Longtime Las Vegans who have come to know and love the Grand Cafes at their neighborhood Station casinos may be surprised to soon see dishes like a Chicken Enchilada Omelet on the menu, along with favorites breakfast classics and familiar dishes such as chicken-fried steak or a turkey dinner.
It’s all part of each cafe’s transition to the Brass Fork, which is complete at Santa Fe Station, and will occur June 3 at Sunset Station and this summer at Boulder Station.
“When we started developing the concept for the Brass Fork, we wanted to make sure our restaurants stayed relevant,” said Joseph Kudrak, corporate director of culinary operations. “There’s so much development in Las Vegas and so many new guests who have come to our properties. We want to be relevant to guests who have been loyal to us for many years, but also to someone who may not be a gambler — someone who might be a foodie, who’s looking for that new, creative dish.”
Thus the Chicken Enchilada Omelet, $12.99, which is an open-faced enchilada topped with a three-cheese omelet crowned with enchilada sauce, crema and guacamole.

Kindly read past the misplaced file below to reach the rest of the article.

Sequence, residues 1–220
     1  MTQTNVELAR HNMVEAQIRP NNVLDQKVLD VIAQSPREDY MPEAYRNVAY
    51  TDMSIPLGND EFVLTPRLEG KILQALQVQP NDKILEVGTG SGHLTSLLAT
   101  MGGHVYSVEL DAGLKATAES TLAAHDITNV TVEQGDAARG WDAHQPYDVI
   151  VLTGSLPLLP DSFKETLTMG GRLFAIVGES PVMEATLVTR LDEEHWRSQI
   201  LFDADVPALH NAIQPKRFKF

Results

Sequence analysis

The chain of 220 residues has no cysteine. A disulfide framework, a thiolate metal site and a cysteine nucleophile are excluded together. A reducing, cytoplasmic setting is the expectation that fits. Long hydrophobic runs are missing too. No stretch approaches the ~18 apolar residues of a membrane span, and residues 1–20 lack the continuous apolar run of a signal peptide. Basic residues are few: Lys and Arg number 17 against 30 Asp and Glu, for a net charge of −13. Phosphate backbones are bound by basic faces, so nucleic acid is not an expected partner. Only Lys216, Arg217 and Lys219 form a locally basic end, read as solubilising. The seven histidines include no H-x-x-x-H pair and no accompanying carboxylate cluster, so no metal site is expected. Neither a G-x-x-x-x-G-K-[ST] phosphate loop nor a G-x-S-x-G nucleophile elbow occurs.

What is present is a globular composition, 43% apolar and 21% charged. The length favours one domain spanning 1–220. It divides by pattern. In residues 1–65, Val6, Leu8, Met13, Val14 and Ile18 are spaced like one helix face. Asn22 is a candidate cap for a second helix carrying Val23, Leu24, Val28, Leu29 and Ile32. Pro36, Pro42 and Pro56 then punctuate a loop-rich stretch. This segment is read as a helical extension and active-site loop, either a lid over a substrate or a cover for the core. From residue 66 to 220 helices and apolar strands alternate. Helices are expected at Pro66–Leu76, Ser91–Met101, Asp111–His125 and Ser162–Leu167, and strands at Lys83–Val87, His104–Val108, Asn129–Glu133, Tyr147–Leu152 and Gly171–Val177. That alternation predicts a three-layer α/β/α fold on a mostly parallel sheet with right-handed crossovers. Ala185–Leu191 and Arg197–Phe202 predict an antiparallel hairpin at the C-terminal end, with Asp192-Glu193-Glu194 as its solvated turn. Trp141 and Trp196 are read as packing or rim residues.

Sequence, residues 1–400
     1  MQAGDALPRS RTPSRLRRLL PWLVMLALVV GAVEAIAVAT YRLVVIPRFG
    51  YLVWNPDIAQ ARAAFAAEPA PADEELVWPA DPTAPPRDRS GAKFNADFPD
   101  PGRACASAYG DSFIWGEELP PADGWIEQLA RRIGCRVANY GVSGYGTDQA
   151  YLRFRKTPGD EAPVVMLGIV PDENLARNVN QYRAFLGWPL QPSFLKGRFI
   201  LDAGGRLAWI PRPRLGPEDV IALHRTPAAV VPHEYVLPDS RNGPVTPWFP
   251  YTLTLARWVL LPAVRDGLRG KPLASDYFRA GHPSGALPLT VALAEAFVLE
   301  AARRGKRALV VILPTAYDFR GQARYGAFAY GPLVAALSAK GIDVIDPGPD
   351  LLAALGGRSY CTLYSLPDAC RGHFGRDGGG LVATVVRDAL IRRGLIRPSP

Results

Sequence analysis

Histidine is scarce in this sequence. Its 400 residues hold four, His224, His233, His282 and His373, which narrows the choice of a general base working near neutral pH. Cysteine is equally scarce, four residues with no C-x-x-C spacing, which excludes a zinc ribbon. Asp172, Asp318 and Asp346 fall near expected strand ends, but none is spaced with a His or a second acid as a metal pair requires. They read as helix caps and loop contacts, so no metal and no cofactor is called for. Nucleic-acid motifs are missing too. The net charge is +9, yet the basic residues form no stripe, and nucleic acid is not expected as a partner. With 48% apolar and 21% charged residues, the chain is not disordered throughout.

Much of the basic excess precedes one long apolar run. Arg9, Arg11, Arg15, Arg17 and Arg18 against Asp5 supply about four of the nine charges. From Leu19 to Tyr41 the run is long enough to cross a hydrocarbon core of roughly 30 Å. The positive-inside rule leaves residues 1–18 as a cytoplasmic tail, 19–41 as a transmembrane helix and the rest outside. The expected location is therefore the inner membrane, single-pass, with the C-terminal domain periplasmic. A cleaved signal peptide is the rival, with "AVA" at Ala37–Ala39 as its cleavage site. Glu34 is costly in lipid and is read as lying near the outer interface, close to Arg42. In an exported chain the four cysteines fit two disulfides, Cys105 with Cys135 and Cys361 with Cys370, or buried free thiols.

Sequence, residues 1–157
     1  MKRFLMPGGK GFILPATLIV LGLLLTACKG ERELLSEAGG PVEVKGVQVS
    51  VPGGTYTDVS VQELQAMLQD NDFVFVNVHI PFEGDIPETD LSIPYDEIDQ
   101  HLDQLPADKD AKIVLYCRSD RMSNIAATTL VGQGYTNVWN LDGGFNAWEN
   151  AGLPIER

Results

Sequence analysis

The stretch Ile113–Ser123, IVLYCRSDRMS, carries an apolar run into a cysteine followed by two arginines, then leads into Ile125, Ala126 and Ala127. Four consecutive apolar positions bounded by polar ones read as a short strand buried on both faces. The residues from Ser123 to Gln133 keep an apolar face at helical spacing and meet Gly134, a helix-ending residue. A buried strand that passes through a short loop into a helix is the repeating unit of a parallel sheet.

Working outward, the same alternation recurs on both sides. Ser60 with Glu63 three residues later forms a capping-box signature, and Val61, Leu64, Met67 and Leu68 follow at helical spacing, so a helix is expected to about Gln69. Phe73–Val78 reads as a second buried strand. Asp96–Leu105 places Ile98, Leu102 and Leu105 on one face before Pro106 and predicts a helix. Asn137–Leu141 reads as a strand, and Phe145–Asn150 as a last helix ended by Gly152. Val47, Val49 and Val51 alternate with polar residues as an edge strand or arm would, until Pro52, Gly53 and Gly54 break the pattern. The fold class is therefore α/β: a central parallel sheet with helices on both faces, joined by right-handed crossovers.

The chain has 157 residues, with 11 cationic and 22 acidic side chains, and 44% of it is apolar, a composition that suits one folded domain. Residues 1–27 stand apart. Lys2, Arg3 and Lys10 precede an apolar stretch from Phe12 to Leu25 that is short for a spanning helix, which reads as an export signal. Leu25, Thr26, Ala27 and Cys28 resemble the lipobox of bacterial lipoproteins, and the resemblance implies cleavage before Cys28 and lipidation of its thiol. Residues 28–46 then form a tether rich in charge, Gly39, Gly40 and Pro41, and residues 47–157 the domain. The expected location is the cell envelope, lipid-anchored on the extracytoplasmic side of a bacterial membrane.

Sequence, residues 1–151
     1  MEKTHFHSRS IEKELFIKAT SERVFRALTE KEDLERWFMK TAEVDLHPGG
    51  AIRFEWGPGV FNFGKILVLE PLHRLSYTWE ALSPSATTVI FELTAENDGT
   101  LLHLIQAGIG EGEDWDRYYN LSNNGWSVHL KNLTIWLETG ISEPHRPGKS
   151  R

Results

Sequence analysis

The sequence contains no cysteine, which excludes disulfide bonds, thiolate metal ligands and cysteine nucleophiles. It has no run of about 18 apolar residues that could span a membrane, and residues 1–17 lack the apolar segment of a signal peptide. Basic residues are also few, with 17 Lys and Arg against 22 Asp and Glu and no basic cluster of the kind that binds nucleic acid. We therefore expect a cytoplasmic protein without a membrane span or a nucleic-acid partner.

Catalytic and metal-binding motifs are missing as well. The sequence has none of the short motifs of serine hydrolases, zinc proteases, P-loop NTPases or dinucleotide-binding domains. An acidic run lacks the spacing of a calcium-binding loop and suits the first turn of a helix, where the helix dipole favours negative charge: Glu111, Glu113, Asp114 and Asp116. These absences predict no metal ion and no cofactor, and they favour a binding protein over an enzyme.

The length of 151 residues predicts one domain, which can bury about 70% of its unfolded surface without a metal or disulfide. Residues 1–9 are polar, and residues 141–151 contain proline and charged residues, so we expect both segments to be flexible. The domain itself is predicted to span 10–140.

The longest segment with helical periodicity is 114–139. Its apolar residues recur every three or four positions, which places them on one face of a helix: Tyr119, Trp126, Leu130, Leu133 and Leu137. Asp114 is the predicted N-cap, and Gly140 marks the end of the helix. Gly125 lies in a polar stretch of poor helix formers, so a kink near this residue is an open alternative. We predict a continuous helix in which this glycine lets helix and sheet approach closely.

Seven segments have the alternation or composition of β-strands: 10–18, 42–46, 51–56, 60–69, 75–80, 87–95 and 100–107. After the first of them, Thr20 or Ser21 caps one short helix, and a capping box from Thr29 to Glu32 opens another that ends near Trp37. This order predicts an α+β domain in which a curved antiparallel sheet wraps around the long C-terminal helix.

“It’s over the top,” Kudrak said.
There’s also bacon and egg fried rice, $8.99, which Kudrak said “has been a really big hit.” And prime rib hash, $13.99, served with eggs and sweet-and-spicy barbecue aioli. Or the Loaded Hash Brown Omelet, $11.99.
“The churro waffle is super-flavorful and fun,” Kudrak said of the riff on the Mexican treat graced with salted caramel, bananas, dulce de leche whipped cream, Mexican chocolate and toasted peanuts, $9.99. “You can order that and share it in the middle of the table. It’s like having dessert for breakfast.”
Sandwiches include Elote Grilled Cheese, $10.99, which is three slices of brioche with a three-cheese blend, roasted corn, tajin, guacamole and pico de gallo. A classic Cubano, $10.99. The Cheddar Popper Burger, $12.99, with crispy chorizo and cheddar jalapeno poppers
Entrees include such choices as the French Onion Salisbury Steak, $11.99, with caramelized onions and French onion gravy, served with melted Swiss and Parmesan and garlic toast.
“It’s very much like a comfort-food item,” Kudrak said.
There’s a riff on steak frites, New York steak with garlic-herb fries, tarragon aioli and pickled onions, $15.99. Cajun chicken Alfredo, $12.99. Or his own favorite, chicken Parmesan, $10.99.
“There’s something for everyone,” he said.
Kudrak said the look of the cafes-turned-Brass Forks is much the same, because the recent attention has been on food and service.